As a parent and an educator, I ask youths their thoughts about Sept. 11. I am surprised to discover how little they know about this major historic event.


By Patrice Lyn

Patrice Lyn

The 20th anniversary of the Sept. 11 attacks not only marks the loss of the almost 3,000 people killed, but also the heroism and bravery from our first responders and civilians. It matters to me because my family and I were living in New York City at the time.

I saw the Twin Towers from my workplace in Manhattan as the skyscrapers burned and fell after being hit by two commercial airplanes hijacked by terrorists. After New York City was attacked, a third hijacked plane crashed into the Pentagon and a fourth crashed into a Pennsylvania field when passengers fought against the hijackers and tried to take back control of the plane. I often reflect on how what happened that day changed our country. It’s vital to consider the lessons we learned from it and what we can do to better inform the youth about it and honor the victims.

Sept. 11 changed America’s sense of security.  Mitchell Zuckoff’s book “Fall and Rise: The Story of 9/11” describes how air traffic agencies used different radar systems to track planes, complicating emergency communications before and during the hijackings. Also, airport security measures were lax as Americans took for granted that wars were only occurring on foreign soil.

The World Trade Center had been attacked before. In 1993, a truck carrying bombs drove into the garage and exploded, killing six people and injuring more than 1,000. Still, due to the belief the towers were built very strong and could never fall down, their owners made little effort to heighten security or structural integrity. So when the nation witnessed the destruction of the WTC, as well as the Pentagon, Americans were shocked. As a result, our country has heightened security measures, particularly at airports and on passenger planes. We now know that American soil is vulnerable to major conflict.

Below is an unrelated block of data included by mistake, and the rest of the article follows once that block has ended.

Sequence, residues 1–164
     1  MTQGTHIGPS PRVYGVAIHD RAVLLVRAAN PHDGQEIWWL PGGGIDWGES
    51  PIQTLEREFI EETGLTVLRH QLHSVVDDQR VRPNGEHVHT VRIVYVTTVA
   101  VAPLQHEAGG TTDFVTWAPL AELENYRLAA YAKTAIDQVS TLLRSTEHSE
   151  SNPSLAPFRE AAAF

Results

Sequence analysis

As a parent and an educator, I ask youths their thoughts about Sept. 11. I am surprised to discover how little they know about this major historic event. Also stunning is how “normal” post-9/11 America is to them. We now find it “normal” to take off our shoes and belts at the airport for TSA security, as well as all additional security measures our country and the world has put into place.

I want to better educate young people who are not aware of what happened in our country on Sept. 11 and thus prevent a similar tragedy from happening again. Educating youths about the attacks is also a way to honor those who died and those who survived and suffered health problems.

There are many ways to help young people understand the impact of this event on society. We can further educate them by incorporating more details into curriculum and library programs. Beautifully written and illustrated, Sean Rubin’s children’s book “This Very Tree” tells the story of strength and resilience of people in New York from the perspective of The Survivor Tree that survived the attack on the WTC. In addition, South Valley residents can host a ceremony to honor victims as well as first responders.

Let’s turn the anniversary into a day of service. Volunteers could help pack food to deliver to those in need. Also, my family and I are designing a Sept. 11 memorial plaque to educate about this very significant day in U.S. history, honor victims, and make sure we never forget what happened.

Patrice Lyn

Patrice Lyn is a resident of Morgan Hill and a community volunteer.


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